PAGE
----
Italy Bonds Set for Relief Rally as S&P Refrains From Downgrade
(Bloomberg) -- Italian bonds are seen gaining Monday when European markets open after S&P Global Ratings maintained the nation’s debt rating.
In a statement released after trading on Friday, the company said Italy “benefits from credit features that underpin the BBB rating," though it kept a negative outlook, indicating that downgrades are possible. Still, this will likely bring some respite to Italy’s bond market, where the 30-year yield premium over Germany has climbed toward levels seen during last year’s market turmoil.
“I think this is the correct view as there is no point for the rating agency in being forward-looking and downgrading Italy on the deterioration of Italy’s economy and finances before hard data start pouring in,” said Antoine Bouvet, a strategist at Mizuho International Plc. “Since no downgrade was expected or priced, I don’t think it will go beyond a short-lived relief rally.”
Italy’s 10-year bond yield closed at 2.58 percent Friday with the spread over German equivalents at around 261 basis points.
Investors have been demanding a higher premium to hold the nation’s long-term debt in recent weeks, as its weakening economy pushed the populist government to raise its budget deficit estimate to levels deemed to be in breach of European Union rules. Italian 30-year yields have climbed 13 basis points this month to 3.60 percent, the highest for similar-maturity securities in the euro area and almost 300 basis points above those in Germany.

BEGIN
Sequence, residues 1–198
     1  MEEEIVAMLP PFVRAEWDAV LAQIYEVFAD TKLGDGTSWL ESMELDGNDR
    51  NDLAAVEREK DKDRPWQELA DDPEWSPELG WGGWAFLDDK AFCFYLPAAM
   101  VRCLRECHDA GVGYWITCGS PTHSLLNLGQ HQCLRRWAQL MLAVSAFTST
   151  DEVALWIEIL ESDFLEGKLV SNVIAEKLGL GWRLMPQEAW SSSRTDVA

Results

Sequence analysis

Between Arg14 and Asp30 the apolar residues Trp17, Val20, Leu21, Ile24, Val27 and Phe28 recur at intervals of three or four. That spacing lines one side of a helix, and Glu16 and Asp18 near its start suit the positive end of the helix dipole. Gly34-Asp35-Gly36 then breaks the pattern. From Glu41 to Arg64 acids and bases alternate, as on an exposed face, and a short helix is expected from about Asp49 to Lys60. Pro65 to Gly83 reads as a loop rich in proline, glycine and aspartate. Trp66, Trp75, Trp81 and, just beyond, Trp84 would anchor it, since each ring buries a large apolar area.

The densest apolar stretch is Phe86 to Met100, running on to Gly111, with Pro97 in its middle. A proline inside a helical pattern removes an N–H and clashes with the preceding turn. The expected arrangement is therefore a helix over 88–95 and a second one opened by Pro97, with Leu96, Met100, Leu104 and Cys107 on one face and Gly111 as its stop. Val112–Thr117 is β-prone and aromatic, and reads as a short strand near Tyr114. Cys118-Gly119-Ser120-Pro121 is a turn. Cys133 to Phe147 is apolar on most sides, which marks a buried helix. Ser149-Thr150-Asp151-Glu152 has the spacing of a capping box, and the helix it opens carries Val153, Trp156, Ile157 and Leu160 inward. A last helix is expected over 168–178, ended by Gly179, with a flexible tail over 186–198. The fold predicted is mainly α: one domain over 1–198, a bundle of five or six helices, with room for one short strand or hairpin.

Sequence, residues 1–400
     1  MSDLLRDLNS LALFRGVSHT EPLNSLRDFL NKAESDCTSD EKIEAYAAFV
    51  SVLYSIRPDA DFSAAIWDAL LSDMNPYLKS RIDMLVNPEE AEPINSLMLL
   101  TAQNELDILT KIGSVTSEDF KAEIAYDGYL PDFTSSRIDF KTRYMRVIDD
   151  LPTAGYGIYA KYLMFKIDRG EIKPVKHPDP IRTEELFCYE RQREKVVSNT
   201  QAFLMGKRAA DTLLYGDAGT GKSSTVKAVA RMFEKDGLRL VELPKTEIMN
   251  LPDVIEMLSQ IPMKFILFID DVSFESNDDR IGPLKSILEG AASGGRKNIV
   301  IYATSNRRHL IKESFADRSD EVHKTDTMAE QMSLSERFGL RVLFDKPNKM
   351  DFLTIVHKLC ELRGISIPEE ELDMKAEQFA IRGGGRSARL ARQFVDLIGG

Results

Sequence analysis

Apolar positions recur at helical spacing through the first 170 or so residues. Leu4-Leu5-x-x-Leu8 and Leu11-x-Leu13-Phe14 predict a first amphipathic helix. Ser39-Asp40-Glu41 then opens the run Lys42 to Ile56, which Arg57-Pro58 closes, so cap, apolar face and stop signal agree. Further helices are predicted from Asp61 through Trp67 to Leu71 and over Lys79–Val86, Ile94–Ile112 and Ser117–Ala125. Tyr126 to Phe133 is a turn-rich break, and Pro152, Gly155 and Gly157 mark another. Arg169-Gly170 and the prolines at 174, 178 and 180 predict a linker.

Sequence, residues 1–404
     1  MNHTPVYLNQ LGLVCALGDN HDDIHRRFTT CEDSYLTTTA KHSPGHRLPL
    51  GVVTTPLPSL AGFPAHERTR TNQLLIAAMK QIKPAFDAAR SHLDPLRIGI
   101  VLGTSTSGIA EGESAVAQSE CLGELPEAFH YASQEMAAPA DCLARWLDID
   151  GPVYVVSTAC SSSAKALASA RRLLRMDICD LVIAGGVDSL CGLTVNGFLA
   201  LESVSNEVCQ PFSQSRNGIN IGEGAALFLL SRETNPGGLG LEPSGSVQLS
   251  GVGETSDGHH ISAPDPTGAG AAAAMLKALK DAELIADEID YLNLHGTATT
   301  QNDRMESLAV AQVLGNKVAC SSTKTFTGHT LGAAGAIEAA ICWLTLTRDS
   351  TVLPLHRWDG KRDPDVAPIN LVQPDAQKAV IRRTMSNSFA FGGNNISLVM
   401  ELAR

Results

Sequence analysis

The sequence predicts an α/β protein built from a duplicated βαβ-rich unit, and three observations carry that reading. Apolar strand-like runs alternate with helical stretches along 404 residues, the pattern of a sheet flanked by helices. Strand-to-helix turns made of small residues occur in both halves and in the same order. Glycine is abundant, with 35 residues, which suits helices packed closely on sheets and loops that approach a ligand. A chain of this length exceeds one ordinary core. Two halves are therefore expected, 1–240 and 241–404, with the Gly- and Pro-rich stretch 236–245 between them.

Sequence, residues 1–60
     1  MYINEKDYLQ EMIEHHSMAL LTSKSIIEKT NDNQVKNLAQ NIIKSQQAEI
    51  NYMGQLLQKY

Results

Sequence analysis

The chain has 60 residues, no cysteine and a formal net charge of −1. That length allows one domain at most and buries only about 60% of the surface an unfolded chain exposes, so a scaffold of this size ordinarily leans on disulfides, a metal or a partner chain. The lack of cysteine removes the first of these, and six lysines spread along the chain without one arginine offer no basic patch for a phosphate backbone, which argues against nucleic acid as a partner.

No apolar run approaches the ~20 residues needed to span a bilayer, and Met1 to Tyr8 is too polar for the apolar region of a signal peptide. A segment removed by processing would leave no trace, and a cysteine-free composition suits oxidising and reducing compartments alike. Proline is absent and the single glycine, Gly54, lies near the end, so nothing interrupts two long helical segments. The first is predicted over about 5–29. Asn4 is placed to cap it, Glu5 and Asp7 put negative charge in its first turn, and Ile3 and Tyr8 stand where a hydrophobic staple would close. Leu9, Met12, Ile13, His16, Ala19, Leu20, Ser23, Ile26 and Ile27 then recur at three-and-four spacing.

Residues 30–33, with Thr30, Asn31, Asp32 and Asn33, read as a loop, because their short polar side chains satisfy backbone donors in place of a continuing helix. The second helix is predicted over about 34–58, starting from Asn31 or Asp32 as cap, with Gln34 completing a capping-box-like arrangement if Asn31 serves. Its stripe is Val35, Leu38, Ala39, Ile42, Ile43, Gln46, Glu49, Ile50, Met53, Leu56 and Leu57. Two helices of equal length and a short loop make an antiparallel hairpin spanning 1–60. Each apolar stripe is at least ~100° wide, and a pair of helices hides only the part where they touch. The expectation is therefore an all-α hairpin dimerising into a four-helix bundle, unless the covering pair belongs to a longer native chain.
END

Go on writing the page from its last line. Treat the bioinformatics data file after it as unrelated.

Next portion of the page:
The next test for the nation’s bonds will come with a crucial gross domestic product reading on Tuesday, which could confirm the country’s recession. Analysts surveyed by Bloomberg expect GDP to have risen by 0.1 percent during the first quarter, after it contracted 0.1 percent in the prior three months.
James Athey, a senior investment manager at Aberdeen Asset Management Plc who has been keeping a short position in Italy’s 10-year bonds, anticipates yields retreating by about 10 basis points following the S&P decision to keep the rating unchanged.
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